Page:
Detectives are obsessive by nature. They have to be attentive to the myriad clues at a crime scene. For eight seasons on USA, Adrian Monk — a.k.a. the ”defective detective” — has pushed that mentality to a pathological extreme. A germaphobe, an agoraphobe, a lactophobe, and more, Monk’s mania is also his genius: he sees the microscopic details we all miss.
White Collar (2009-)
Neal Caffrey is a con man turned FBI consultant, who uses his unique skill set to catch thieves and — if he behaves — stay out of prison. Impulsive and unpredictable, he has an excellent foil in his straight-laced handler, Special Agent Peter Burke (Tim DeKay). But the real reason we’re watching? Caffrey’s so good looking…it’s criminal.
Law & Order: Special Victims Unit (1999-present)
Cops in the Law & Orderverse are tough, stubbly manly men. With one exception. A child of rape, Olivia Benson channels her inner demons into an ongoing struggle to avenge the innocent alongside brutish partner Elliott Stabler (Christopher Meloni). Watching SVU is like seeing pair of pagan demi-gods put on police badges.
SONNY CROCKETT AND RICO TUBBS
Don Johnson and Philip Michael Thomas
Miami Vice (1984-1990)
In a sun-dappled ’80s fantasy Miami where even the walls of the police station were painted neon, two men in impeccable clothes drove fast cars and sleek boats, going deep undercover each week in drug gangs, terrorist cells, and prostitution rings. No partners were better than Crockett and Tubbs.
Murder, She Wrote (1984-1996)
Poor little Cabot Cove. The town on the coast of Maine has a third-world murder rate and a bumbling police force that only ever catches the wrong man. Good thing the town’s most famous resident is a witty, endlessly curious widow who writes bestselling crime novels in her spare time.
Law & Order (1992-2004)
Lenny Briscoe is the TV Detective: stern-faced, sardonic, with a face like a thousand weary streetcorners. And for 13 seasons, Jerry Orbach was Lenny Briscoe. He played the old cop to three iconic younger partners. He gave Law & Order gravitas.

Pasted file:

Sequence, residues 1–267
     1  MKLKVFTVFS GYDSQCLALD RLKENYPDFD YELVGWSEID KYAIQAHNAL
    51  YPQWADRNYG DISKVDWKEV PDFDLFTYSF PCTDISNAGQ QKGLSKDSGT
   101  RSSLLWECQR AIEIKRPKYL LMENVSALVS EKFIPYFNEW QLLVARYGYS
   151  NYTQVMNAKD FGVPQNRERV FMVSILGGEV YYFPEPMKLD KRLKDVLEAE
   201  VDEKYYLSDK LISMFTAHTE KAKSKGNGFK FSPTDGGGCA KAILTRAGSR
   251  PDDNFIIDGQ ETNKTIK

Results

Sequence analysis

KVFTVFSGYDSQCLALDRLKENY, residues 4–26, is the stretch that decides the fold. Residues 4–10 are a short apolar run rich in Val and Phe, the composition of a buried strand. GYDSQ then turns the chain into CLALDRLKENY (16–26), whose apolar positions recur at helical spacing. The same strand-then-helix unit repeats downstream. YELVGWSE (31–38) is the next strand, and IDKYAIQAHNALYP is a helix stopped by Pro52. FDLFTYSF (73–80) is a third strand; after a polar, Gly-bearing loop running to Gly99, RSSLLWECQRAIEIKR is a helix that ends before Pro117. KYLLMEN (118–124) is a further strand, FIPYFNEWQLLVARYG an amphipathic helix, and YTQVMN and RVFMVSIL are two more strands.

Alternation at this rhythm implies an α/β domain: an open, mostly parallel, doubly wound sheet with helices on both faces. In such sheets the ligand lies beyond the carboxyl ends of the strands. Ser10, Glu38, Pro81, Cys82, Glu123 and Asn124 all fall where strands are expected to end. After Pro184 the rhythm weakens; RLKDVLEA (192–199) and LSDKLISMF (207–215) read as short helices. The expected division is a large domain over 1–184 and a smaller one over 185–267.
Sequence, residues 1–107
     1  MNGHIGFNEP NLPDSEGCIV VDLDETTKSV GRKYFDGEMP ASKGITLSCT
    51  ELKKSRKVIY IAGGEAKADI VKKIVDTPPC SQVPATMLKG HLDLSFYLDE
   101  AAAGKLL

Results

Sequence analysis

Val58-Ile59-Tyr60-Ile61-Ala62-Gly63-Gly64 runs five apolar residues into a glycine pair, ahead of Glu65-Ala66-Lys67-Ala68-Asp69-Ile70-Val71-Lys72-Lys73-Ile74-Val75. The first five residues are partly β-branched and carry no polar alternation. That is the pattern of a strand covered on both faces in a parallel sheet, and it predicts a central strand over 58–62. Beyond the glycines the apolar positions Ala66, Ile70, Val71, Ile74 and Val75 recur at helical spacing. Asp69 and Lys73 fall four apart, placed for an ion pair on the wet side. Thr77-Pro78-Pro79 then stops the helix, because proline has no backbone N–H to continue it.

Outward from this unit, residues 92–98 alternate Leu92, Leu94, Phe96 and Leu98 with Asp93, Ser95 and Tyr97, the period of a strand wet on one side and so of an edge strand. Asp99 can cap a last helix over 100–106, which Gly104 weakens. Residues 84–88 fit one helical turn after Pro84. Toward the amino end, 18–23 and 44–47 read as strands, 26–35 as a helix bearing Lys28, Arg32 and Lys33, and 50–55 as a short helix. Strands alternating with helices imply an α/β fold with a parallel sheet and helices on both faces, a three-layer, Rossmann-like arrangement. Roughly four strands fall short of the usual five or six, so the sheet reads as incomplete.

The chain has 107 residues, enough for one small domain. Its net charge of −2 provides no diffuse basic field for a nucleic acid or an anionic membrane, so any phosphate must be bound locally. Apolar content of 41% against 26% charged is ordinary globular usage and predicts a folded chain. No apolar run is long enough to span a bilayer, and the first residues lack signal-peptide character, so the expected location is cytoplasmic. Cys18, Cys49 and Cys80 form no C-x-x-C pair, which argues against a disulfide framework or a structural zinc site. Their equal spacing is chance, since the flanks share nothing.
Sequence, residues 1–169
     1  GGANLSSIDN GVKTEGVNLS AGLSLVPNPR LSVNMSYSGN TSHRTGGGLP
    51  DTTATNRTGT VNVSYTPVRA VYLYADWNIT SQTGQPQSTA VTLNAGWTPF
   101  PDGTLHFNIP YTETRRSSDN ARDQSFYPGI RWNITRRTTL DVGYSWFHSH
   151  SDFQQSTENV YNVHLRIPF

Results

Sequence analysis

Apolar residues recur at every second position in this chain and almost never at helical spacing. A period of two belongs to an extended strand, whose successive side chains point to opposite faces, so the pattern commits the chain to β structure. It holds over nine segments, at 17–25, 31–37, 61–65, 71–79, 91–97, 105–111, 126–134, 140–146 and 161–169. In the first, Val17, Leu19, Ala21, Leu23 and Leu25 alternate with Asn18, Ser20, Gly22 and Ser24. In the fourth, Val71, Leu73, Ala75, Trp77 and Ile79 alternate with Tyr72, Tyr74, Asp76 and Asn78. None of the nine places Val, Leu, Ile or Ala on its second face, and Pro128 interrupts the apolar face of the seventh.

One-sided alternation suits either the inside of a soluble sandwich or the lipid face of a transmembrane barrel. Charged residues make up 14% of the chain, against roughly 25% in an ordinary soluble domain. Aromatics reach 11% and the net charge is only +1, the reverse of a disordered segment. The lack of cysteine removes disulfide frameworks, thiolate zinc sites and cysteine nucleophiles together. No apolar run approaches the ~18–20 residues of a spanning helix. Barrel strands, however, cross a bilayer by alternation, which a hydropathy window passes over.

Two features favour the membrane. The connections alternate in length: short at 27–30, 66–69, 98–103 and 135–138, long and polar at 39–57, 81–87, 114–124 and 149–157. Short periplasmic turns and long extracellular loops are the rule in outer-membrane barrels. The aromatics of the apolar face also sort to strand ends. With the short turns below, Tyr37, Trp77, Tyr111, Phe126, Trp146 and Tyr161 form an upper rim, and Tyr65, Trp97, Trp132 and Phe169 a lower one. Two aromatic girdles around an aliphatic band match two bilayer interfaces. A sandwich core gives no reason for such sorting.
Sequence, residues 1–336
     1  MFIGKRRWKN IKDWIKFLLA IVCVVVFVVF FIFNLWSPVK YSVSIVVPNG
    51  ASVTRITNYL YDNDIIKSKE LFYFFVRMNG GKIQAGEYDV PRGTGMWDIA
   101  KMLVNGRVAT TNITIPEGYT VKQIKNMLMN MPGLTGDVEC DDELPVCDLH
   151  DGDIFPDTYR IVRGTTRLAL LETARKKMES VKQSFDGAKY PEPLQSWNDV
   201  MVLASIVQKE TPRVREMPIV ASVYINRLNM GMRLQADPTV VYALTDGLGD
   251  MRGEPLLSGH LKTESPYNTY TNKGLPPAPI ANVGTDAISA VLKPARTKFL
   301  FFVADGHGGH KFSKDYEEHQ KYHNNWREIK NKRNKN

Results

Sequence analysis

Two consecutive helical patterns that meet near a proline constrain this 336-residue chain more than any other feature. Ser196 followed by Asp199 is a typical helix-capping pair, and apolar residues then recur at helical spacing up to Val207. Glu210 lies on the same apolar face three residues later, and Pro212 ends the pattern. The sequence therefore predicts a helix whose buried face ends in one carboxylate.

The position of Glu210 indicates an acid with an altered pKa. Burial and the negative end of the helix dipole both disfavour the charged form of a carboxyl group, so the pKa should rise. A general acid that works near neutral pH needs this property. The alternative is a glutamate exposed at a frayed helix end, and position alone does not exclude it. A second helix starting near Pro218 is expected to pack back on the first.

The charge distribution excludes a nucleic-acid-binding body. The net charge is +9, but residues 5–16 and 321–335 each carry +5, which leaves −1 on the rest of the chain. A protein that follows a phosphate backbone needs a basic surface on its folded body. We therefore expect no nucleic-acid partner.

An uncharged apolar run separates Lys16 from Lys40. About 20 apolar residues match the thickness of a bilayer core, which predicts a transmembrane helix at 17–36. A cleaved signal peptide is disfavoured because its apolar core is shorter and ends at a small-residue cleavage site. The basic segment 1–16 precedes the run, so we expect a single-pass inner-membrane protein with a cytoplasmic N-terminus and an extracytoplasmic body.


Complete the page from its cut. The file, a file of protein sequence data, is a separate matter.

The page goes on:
Dragnet should look primitive after half a century, but catch a marathon — it’s as propulsively watchable as ever. That’s because creator-star Webb reduced the cop show formula to ageless mathematical simplicity. Joe Friday is the John Wayne of TV, an iconic definition of what it means to be a hero.
CHRISTINE CAGNEY AND MARY BETH LACEY
Sharon Gless and Tyne Daly
Cagney and Lacey (1982-1988)
The two coolest women in ’80s TV. Cagney was single and had lofty career aspirations; Lacey was happily married with 2.5 children. They watched each others’ backs in a changing world — Cagney and Lacey regularly featured button-pushing topics like abortion, date rape, and AIDS.
The Mentalist (2008-present)
What sets Patrick Jane apart from his CBS procedural brethren — CSI eggheads, Cold Case corpsehounds, NCIS patriots — is joy. There’s nothing this sham psychic loves more than reading a few revealing details to deduce a suspect’s whole inner life. Jane is the observational comic philosopher, a cockier Sherlock Holmes.
Veronica Mars (2004-2007)
A lady called Mars from a town called Neptune. Sound like the tagline for a ’40s noir? Makes sense, since tough, soulful Bell played Veronica like a hipster Bogart. Neptune’s a rough town, populated by dotcom billionaires, Hollywood children, biker gangs, and corrupt politicos. Veronica Mars tracked them all down.
RICHARD CASTLE AND KATE BECKETT
Nathan Fillion and Stana Katic
The key to this partnership isn’t repressed attraction (like Bones and Booth) or therapeutic companionship (like Cagney and Lacey). Instead, Castle and Beckett both represent something missing in the other’s life. Castle brings whimsy to Beckett’s by-the-book lifestyle, and Beckett grounds Castle’s bleakly narcissistic existence. Also, they’re both pretty cute.
Homicide: Life on the Street (1993-2000)
The deeply moral, deeply cynical core of one of the best cop shows ever, Frank Pembleton solved murders like a scientist and believed in crimesolving like a priest. Braugher made Pembleton an endlessly complex character, battling health problems, marital strife, and a crisis of faith with boundless intelligence.